But when Lydia points out that Simon’s treasure trove includes at least one forgery, they strike a deal. She’ll ferret out the fakes, and if the debut of his collection goes smoothly, she’ll win back her home. If she fails, she will take the blame and go to jail.  

Together, Lydia and Simon will feign an engagement, delve into the world of art forgery, and navigate the narrow-minded prejudices of London society to discover that love is forged, never faked.

Wow! That sounds rich and complex! And a half-Jewish South African art collector—a fresh take on a historical hero. Very exciting!

Okay, folks, come grab a lounge chair under our gazebo (no mosquitos here on the virtual lawn!) and enjoy a tropical drink with Suzanne and I as we chat about what drives her stories and why places matter so much.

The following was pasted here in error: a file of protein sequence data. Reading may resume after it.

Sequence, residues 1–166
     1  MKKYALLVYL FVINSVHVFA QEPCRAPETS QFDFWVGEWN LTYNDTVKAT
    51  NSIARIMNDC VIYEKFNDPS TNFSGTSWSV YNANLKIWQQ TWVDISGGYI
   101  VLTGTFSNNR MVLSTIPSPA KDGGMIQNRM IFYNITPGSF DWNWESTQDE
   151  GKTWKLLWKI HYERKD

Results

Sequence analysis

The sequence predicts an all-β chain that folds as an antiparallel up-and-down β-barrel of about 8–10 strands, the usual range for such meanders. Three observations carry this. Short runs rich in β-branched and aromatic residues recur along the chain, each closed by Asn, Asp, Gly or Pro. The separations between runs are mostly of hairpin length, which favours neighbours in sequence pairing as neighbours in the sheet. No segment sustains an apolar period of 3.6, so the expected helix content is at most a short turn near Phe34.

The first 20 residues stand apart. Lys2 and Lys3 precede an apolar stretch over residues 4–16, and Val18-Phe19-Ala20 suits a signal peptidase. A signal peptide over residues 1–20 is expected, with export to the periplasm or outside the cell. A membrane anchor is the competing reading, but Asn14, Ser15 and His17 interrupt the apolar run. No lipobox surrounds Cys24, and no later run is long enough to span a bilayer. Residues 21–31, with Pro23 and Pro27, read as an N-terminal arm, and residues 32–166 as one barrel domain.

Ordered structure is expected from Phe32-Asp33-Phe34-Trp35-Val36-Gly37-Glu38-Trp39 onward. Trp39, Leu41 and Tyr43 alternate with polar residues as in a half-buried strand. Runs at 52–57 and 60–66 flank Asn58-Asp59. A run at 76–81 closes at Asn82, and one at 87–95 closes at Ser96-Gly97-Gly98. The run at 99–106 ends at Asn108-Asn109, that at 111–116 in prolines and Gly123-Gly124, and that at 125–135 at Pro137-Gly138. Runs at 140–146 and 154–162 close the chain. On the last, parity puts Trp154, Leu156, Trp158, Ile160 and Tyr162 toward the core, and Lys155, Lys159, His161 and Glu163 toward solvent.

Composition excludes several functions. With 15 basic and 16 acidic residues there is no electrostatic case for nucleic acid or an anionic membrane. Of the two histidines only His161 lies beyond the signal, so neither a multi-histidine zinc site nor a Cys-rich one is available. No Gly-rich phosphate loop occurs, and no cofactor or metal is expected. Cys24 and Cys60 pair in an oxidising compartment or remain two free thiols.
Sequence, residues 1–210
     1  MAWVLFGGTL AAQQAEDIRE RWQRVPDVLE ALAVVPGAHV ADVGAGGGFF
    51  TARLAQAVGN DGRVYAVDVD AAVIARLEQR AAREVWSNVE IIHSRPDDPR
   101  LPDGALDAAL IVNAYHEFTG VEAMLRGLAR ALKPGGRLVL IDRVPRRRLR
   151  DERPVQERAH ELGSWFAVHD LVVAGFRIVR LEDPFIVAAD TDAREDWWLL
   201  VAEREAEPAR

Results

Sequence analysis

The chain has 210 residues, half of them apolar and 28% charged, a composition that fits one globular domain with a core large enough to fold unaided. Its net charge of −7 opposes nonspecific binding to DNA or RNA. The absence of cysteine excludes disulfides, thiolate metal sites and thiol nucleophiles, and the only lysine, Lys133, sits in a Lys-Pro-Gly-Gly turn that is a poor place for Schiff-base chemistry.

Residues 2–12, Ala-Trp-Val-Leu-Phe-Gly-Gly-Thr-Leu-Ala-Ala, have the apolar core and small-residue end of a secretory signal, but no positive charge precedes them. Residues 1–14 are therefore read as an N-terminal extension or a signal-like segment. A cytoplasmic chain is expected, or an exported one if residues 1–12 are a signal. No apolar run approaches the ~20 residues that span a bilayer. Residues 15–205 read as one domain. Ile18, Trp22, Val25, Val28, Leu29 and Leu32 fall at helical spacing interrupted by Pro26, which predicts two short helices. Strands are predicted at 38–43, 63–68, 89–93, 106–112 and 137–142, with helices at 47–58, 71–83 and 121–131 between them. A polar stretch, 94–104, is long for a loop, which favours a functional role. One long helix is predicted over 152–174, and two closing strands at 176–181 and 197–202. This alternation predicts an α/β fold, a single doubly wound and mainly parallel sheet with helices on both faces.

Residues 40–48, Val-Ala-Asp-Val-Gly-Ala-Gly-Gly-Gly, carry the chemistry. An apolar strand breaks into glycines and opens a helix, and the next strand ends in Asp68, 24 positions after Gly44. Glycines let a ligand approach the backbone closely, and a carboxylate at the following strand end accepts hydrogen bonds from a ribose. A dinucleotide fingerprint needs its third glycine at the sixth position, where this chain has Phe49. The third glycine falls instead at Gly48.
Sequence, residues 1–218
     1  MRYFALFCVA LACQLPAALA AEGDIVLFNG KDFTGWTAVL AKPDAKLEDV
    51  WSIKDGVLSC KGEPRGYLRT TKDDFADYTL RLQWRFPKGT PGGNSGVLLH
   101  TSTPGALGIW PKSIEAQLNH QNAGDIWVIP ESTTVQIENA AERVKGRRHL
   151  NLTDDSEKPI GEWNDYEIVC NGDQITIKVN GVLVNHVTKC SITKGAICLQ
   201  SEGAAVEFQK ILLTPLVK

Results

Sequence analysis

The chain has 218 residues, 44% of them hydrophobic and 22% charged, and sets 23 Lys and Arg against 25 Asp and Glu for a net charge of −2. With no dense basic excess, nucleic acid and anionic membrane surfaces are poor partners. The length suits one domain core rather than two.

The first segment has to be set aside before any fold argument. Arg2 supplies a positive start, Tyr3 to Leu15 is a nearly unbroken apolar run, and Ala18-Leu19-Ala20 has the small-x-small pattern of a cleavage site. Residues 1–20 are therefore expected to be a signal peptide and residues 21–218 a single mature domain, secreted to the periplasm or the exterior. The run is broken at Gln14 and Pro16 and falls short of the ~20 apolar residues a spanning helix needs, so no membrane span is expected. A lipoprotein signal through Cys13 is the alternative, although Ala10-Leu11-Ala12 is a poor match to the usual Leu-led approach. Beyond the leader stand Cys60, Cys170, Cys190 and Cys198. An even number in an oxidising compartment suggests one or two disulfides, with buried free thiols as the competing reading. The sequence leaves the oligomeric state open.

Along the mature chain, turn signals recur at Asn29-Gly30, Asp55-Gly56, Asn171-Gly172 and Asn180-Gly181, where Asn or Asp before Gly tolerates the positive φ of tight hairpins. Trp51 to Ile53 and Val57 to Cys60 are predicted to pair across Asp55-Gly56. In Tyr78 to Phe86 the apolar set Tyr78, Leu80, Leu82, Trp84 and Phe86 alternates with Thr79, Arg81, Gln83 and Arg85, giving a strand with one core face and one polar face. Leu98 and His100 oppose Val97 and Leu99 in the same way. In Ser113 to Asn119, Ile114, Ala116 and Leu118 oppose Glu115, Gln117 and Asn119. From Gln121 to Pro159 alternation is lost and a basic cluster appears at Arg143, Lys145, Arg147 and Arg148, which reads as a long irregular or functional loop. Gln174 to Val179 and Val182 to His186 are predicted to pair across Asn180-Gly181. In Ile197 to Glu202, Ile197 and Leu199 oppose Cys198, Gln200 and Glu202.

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Welcome back to the Rubies, Suzanne!! Thanks for being with us today, and congrats on finaling in historical for the second year in a row!!

Hi, Elisa! I want to say hello and thank you the Ruby Slipper Sisterhood for inviting me onto this blog. The Golden Heart creates such a strong community of writers in what is oftentimes a lonely world. Real truth, I used to write in my youngest son’s closet (mostly b/c he wouldn’t fall asleep unless someone was in the room). With the Golden Heart sisterhood there is leadership and mentorship and camaraderie and wisdom galore and in those moments when the rejection emails pile in, I find myself wandering over to your blog and finding courage and inspiration. Also, Elisa, you always make me sound like I’m actually an interesting person. Appreciate that!